The Effects of Intruder Size on the Territoriality of the Threespot Damselfish (Stegastes planifrons)
The Threespot Damselfish, Stegastes planifrons, defends a variable territory size depending upon the level of threat posed by the species encroaching upon it. Aggression patterns in the Threespot Damselfish were studied in relation to intruder size, attack duration, maximum distance of attack and intruder species on a reef in Bonaire, Netherland Antilles. Thirteen species were found to intrude upon Threespot Damselfish territories with the Bicolor Damselfish (Stegastes partitus) being the most frequent visitor (37.8%) followed by the Brown Chromis (Chromis multilineata; 20.2%), Blue Tang (Acanthurus coeruleus; 15.1%) and the Stoplight Parrotfish (Sparisoma viride; 9.2%). Analysis showed a positive correlation between intruder size and attack duration as well as maximum distance traveled by the Threespot Damselfish in pursuit of the intruder during the attack. Data supported the hypothesis that the Threespot Damselfish alters its behavior based on intruder size. Data, however, did not support a species specific relationship between the Threespot Damselfish aggression patterns and the variables selected.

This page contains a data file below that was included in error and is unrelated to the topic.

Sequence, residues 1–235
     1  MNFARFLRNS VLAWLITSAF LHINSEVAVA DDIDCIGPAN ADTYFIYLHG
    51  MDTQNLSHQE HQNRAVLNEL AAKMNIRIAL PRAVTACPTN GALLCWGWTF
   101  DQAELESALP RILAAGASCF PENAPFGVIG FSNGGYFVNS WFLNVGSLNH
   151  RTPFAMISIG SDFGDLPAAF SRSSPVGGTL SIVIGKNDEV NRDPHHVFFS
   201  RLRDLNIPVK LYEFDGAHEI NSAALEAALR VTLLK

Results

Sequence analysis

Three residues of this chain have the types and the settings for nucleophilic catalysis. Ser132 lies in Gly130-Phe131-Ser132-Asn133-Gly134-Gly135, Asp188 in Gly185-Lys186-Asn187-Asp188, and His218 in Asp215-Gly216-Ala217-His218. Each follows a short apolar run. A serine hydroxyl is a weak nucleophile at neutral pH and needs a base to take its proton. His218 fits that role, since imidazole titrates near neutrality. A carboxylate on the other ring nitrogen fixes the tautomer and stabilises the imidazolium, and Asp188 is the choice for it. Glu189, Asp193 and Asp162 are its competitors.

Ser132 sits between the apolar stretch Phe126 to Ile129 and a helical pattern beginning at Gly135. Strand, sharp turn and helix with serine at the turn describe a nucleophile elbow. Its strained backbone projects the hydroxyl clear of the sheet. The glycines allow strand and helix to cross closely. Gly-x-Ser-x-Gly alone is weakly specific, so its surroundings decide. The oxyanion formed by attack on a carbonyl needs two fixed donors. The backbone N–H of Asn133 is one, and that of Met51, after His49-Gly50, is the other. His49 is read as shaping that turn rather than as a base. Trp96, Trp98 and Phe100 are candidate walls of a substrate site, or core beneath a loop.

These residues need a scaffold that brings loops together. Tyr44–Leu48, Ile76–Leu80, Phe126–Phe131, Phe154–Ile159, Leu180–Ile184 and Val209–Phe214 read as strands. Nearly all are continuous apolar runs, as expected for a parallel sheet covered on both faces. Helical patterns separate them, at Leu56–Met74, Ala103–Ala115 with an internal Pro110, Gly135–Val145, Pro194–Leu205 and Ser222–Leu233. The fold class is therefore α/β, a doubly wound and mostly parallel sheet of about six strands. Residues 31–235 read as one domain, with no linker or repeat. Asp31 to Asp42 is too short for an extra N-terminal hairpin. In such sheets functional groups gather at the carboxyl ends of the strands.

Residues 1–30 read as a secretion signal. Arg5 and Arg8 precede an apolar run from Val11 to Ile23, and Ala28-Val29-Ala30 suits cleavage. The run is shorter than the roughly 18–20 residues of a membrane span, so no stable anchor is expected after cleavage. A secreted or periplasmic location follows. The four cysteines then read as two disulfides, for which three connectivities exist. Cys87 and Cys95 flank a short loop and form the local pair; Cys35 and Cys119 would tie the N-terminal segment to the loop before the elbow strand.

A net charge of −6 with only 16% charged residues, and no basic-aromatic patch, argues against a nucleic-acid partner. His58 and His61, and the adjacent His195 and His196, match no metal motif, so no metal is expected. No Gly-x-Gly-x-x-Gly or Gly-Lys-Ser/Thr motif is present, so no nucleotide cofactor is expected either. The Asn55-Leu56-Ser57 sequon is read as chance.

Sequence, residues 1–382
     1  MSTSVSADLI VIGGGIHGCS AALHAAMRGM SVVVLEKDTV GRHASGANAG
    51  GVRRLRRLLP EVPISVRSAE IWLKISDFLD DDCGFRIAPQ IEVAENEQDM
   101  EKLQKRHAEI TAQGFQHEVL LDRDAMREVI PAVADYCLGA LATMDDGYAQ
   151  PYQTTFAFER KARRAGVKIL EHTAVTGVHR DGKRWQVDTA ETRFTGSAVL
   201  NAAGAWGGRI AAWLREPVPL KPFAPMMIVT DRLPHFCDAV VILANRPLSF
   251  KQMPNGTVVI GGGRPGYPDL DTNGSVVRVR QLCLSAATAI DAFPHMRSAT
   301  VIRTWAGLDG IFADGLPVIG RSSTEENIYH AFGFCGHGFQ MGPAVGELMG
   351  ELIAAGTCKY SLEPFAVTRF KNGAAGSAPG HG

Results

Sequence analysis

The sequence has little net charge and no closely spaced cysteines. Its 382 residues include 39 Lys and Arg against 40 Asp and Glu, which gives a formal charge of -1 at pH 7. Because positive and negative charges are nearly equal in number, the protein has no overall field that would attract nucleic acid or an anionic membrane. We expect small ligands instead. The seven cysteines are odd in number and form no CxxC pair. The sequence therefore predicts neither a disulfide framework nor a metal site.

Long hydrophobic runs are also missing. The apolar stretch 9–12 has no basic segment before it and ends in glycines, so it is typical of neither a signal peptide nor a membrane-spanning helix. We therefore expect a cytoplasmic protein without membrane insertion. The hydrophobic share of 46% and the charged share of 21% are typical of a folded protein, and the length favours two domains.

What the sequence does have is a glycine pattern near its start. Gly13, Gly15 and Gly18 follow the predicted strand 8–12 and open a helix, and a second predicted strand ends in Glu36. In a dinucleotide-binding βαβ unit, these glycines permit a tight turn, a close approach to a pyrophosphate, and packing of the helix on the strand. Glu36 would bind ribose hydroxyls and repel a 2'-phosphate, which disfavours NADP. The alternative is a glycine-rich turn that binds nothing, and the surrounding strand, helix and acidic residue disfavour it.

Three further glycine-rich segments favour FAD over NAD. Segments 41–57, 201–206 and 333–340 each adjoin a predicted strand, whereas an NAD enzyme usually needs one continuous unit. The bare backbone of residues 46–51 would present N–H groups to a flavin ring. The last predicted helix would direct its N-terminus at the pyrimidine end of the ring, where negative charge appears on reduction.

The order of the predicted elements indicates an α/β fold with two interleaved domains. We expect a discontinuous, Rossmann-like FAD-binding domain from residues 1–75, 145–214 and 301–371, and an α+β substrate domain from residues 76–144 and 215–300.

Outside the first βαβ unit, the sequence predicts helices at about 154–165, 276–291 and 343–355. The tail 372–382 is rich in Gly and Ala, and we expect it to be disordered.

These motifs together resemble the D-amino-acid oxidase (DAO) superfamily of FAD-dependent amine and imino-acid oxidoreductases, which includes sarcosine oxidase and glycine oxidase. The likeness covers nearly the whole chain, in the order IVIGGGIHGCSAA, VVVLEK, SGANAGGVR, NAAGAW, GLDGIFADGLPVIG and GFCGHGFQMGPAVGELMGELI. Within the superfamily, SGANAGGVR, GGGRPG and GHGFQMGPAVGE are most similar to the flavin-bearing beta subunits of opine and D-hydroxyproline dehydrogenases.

This student research was retrieved from Physis: Journal of Marine Science III (Spring 2008)19: 7-12 from CIEE Bonaire.